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Manias : -[his sanctuary, in contrast to Kaziranga, is far removed from the National Highway and the mainstream of human life passes it by. Barpeta Road, the railhead which also serves as the sanctuary’s headquarters, is almost three hours by road or rail from Guwahati.

Manas has a much longer season than Kaziranga, the only wet period being from mid-May to September, but the best period to visit the area is either in November or February. Unlike the open swamps and grasslands of Kazirariga , where the visitor may see a large number of animals, wildlife viewing in Manas is never regular—or easy. But when one is confronted by an animal, it is usually at close quarters and, invariably, exciting and dramatic.

Few places can hold a visitor in its grip the way Manas can. Over 1000 sq miles (2600 sq km) in area, the Manas river at Mothanguri forms the boundary between India and Bhutan, and one of the great attractions of the park is the golden langur which inhabit the tall flowering trees next to the Royal Hunting Lodge where the King of Bhutan retreats once a year or so. The topography of the reserve is dramatically diverse; the river spilling out of the foothills; the lower sandy stretches where islands of trees stand like sentinels over herds of wild buffalo, with fishing eagles and ospreys searching the fast flowing streams for fish. There are the great forests of mixed deciduous vegetation which shut the light off at ground level, and finally small glades of grassland where elephant herds leave their calling card by uprooting every invading sapling that tries to encroach into the glades.

In terms of diversity in animal life, Manas again stands alone. There are twenty species of birds and animals here which are listed under Schedule I (highly endangered) in the IUCN Red Data Book, and of these species, some like the hispid hare and the pigmy hog are today found only here. Both these remarkable animals have been reduced to a rarity, so much so that their extinction was once thought to be just a matter of time. The situation today is less desperate.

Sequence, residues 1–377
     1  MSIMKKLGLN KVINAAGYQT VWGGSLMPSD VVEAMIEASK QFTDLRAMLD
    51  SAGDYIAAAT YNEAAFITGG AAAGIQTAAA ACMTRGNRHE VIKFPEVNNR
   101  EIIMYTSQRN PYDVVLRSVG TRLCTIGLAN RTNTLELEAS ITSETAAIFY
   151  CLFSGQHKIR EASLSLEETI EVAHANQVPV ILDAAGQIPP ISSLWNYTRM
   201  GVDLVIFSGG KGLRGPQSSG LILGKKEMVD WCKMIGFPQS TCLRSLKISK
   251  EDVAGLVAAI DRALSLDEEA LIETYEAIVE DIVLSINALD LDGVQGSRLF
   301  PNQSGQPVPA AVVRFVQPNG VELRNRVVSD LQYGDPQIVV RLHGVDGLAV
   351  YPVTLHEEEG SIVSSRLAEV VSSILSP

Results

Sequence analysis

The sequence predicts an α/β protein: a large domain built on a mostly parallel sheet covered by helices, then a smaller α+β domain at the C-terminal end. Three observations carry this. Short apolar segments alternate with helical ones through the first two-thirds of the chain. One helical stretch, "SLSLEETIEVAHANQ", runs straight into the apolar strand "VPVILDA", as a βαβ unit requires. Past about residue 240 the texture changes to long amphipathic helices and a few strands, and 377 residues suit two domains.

As one drives into Manas from Barpeta Road, leaving the long semul-lincd drive and the Bansbari tea estate behind, the gravel road snakes through open grassland which is said to be prime country for the hispid hare, which is also known as the Assamese rabbit. During late evenings, just as dusk gives way to darkness, the beam from a vehicle’s headlights sometimes spotlights the scurrying figure of this elusive and rare animal.

Mothanguri is the ideal, and perhaps the only place to stay in. Situated on a rise overlooking the Manas river, there could be few places so endearing to a naturalist. From the balcony of the rest house, one overlooks Bhutan while on the Indian side the forests are tinged with pink, especially in February when the semul trees are explosions of color. The Project Tiger people have a number of riding elephants which provide the ideal means to move about and give the visitor the best approach to wildlife, but the saddles or howdahs are quite different from the broad seats of North and South India. Here, one needs to straddle the animal or sit sideways on the saddle, a painful exercise at the best of times. Red ants, notorious for a rather painful sting, also seem to have been designed by nature to drop onto you from their leaf nests in trees, and there is little one can do other than watch out for them.